Douthwaite pillow mounds


Heritage Category: Scheduled Monument

List Entry Number: 1016024

Date first listed: 26-Oct-1973

Date of most recent amendment: 24-Oct-1997


Ordnance survey map of Douthwaite pillow mounds
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The building or site itself may lie within the boundary of more than one authority.

County: North Yorkshire

District: Ryedale (District Authority)

Parish: Hutton-le-Hole


National Grid Reference: SE 69570 90389, SE 69652 90521

Reasons for Designation

A warren is an area of land set aside for the breeding and management of rabbits or hares in order to provide a constant supply of fresh meat and skins. Although the hare is an indigenous species, the tradition of warren construction and use dates from the 12th century, following the introduction of rabbits into England from the continent. Warrens usually contain a number of purpose-built breeding places known as pillow mounds or rabbit buries, which were intended to centralise the colony and make catching the animals easier, whether using nets, ferrets or dogs. The mounds vary in design although rarely exceeding 0.7m in height. Earlier monuments such as burial mounds, boundary features and mottes were sometimes reused as breeding places. The mounds are usually surrounded by ditches and contain underlying channels or are situated on sloping ground to facilitate drainage. The interior of the mound may also contain nesting places constructed of stone slabs or cut into the underlying subsoil or bedrock. A typical warren may contain between one and forty pillow mounds or rabbit buries and occupy an area up to c.600ha. Many warrens were enclosed by a bank, hedge or wall intended to contain and protect the stock. Other features associated with the warren include vermin traps (usually a dead-fall mechanism within a small tunnel), and more rarely traps for the warren stock (known in Yorkshire as `types') which could contain the animals unharmed and allow for selective culling. Larger warrens might include living quarters for the warrener who kept charge of the site, sometimes surrounded by an enclosed garden and outbuildings. Early warrens were mostly associated with the higher levels of society; however, they gradually spread in popularity so that by the 16th and 17th centuries they were a common feature on most manors and estates throughout the country. Warrens continued in use until fairly recent times, finally declining in the face of 19th and 20th century changes in agricultural practice, and the onset of myxomatosis. Warrens are found in all parts of England, the earliest examples lying in the southern part of the country. Approximately 1,000 - 2,000 examples are known nationally with concentrations in upland areas, on heathland and in coastal zones. The profits from a successfully managed warren could, however, be considerable and many areas in lowland England were set aside for warrens at the expense of agricultural land. Although relatively common, warrens are important for their associations with other classes of monument, including various forms of settlement, deer parks, field systems and fishponds. They may also provide evidence of the economy of both secular and ecclesiastical estates. All well preserved medieval examples are considered worthy of protection. A sample of well preserved sites of later date will also merit protection.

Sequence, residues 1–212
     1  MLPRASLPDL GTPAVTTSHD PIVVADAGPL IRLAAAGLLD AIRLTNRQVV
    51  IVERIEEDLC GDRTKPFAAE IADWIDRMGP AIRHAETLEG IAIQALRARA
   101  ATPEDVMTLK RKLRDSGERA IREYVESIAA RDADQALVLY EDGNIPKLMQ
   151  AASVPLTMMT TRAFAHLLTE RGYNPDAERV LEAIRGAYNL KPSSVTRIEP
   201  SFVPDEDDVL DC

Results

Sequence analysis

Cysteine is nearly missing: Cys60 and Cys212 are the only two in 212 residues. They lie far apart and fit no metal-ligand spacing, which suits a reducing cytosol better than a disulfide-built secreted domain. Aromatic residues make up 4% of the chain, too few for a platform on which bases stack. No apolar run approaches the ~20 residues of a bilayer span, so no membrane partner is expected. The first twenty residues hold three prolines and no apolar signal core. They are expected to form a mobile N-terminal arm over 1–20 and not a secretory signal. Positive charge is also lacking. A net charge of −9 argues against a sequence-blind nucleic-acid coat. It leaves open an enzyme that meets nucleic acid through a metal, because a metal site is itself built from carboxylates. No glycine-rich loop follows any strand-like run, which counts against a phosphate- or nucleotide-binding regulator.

The Douthwaite pillow mounds are particularly well preserved and good examples of their type.


The monument, which is divided into two areas of protection, includes the earthwork remains of a group of 32 pillow mounds constructed to form a small warren in which rabbits were farmed to produce meat and fur. The mounds now lie within open moorland, mainly on top of a north westward pointing spur of high ground, with a line of six mounds along the foot of the north side of the hill. The monument is not related to the two groups of circular mounds further to the north: these are prehistoric burial mounds, which are the subject of separate schedulings (SM 30105). The pillow mounds are thought to have been constructed by the shepherds of Douthwaite Hall in the late 17th or early 18th century and formed one of two rabbit warrens operated by the family, the second warren lying 3km to the north east at the end of Loskey Ridge. The warren is thought to have gone out of use in the first half of the 19th century, along with the national decline in the industry. The individual mounds are quite regular in form being rectangular in plan, typically 5m by 8m, immediately surrounded by ditch about 2m wide. They are all well preserved, the mounds having gently rounded profiles, the highest standing to 0.7m above the surrounding land surface, 1m from the bottom of its encircling ditch. A footpath crosses the monument following a curving path south to north, cutting through the top break of slope of the hill spur to form a hollow way.

MAP EXTRACT The site of the monument is shown on the attached map extract. It includes a 2 metre boundary around the archaeological features, considered to be essential for the monument's support and preservation.


The contents of this record have been generated from a legacy data system.

Legacy System number: 30106

Legacy System: RSM


Books and journals
Frank, B, 'Occasional Paper' in Douthwaite Dale and the Shepherd Family, , Vol. 1, (1977), 11-14

End of official listing